“All praise be to God to Whom all praise is due.” So John Coltrane begins the famous liner notes to his seminal album A Love Supreme
. It was his thanksgiving to God for his “spiritual awakening,” which gave him the strength to stop using cold turkey, and begin his remarkable musical-spiritual journey. After his early death, the spiritual devotion of Coltrane would inspire a church in San Francisco devoted to the artist and his music (www.saintjohncoltrane.com
). Certainly, a first in jazz history.
The very word “jazz” is thought to originally be derived from a slang term for sexual intercourse. It is strongly associated with night clubs and all manners of night life. Yet throughout its existence, jazz has had a relationship with sacred music, beginning with the early jazz pioneers, who often included hymns like “Just a Closer Walk with Thee” in their repertoire.
Frequently, jazz musicians’ first exposure to music came through the church. Lionel Hampton for instance, received his formal musical training from the Fathers of the private Catholic school he attended on scholarship. Hampton eventually converted to Catholicism, and after an inspiring tour of Israel, he wrote The King David Suite
, his most ambitious composition.
Hampton was not the only jazz legend to compose works reflective of his religious convictions. Duke Ellington, the urbane ladies man, composed the stirring spiritual “Come Sunday” as part of the Black, Brown, and Beige
suite he premiered at Carnegie Hall in January 1943. However, the depth of his religious feeling was not widely recognized until he recorded his 1960’s Sacred Concerts in Grace Cathedral, which he considered his most important work.
1960’s soul jazz gave new impetus to jazz’s interest in the music of the church. Borrowing equally from gospel and r&b, Soul Jazz was an attempt to reconnect jazz with its African-American roots. The result was a nexus between the sacred and the profane.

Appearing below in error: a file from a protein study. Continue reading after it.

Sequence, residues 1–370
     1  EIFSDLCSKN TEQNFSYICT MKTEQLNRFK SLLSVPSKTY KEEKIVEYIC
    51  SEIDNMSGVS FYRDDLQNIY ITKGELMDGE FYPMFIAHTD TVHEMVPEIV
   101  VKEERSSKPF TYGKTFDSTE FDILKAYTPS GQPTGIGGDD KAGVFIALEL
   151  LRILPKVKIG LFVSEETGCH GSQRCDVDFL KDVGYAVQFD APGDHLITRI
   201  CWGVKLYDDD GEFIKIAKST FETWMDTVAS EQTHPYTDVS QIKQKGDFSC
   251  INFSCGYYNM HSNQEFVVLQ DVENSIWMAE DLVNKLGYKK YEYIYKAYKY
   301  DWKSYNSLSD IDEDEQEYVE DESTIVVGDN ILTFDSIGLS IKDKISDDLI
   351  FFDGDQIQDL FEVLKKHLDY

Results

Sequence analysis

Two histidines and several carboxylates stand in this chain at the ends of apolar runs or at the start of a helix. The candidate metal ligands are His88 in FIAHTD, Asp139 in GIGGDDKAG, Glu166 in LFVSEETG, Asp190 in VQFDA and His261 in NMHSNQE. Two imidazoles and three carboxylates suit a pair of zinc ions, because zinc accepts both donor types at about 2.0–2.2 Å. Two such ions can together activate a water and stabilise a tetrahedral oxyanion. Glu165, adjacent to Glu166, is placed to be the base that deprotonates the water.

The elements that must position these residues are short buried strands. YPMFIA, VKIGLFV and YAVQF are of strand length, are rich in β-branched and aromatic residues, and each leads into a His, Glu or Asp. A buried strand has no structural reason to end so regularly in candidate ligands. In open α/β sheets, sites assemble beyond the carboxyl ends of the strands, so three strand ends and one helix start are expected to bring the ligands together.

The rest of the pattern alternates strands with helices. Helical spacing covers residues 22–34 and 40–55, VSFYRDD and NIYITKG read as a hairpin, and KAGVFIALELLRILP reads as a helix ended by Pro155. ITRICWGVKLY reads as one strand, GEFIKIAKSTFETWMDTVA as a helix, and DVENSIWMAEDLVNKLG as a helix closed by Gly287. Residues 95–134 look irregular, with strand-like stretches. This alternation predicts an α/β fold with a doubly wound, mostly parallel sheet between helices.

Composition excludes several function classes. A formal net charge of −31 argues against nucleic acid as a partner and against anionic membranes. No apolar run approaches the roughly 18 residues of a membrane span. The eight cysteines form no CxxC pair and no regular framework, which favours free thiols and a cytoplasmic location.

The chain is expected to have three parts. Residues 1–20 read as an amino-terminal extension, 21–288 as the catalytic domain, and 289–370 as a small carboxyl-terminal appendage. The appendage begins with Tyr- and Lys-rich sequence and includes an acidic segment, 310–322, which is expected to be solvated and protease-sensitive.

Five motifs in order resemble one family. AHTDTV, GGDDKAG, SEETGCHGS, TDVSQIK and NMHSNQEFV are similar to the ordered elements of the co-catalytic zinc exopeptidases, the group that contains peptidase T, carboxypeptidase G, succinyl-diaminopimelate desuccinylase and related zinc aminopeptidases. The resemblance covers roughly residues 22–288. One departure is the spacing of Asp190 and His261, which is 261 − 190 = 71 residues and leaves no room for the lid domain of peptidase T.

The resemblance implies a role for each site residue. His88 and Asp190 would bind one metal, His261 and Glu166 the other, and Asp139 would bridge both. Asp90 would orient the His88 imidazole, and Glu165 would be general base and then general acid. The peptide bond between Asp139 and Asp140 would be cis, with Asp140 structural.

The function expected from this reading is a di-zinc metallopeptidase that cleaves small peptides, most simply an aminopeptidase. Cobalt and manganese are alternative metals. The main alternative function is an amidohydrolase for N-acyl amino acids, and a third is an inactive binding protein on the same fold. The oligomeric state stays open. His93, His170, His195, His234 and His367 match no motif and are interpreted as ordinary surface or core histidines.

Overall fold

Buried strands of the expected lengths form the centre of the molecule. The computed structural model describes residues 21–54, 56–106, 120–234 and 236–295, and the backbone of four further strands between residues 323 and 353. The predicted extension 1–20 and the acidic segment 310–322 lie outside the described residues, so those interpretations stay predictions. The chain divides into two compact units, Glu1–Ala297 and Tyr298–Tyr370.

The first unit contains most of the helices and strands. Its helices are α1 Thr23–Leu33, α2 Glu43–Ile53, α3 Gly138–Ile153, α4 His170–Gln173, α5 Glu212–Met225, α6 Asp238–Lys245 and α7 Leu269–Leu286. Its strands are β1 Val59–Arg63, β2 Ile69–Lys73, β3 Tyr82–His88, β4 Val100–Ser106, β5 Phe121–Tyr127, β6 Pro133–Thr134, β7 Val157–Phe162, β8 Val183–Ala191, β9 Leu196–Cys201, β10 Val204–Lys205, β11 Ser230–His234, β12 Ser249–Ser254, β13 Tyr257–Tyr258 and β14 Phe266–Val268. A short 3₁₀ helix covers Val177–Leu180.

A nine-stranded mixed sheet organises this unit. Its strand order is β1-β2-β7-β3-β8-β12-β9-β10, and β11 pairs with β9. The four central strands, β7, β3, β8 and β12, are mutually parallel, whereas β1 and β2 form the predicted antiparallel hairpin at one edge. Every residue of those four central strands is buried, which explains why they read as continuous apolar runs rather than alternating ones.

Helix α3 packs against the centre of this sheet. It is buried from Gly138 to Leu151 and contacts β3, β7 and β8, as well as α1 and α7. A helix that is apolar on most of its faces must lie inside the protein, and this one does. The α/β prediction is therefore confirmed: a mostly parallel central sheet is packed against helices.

Some men of the cloth truly personified the soul of jazz, performing and recording as jazz musicians themselves. Father Jack Herrera played with many territory swing bands before finding his calling in the church. He later returned to jazz for an Enterprise LP expressive of his faith. Father Tom Vaughan was more prolific, recording three piano trio albums on RCA in the 1960’s, often with top sidemen, like Elvin Jones and Art Davis. His repertoire mixed jazz and pop standards with more sacred fare.
Throughout it all, one church more than any other has ministered to the spiritual needs of jazz musicians—St. Peter’s on 53rd Street at Lexington Avenue in Manhattan (www.saintpeters.org/jazz/
). The late Pastor John Gensel was a jazz fan himself and understood working musicians needed a religious home with flexible hours. His jazz congregation, known as the “Night Flock” finally had a Father who understood the music scene.
Many Jazz musicians continue to work with sacred themes. Wynton Marsalis has composed extended works like In This House, On This Morning
and All Rise
that are deeply rooted in the church experience. As with any musical endeavor, the deeper the feeling, the more moving a particular recording is apt to be.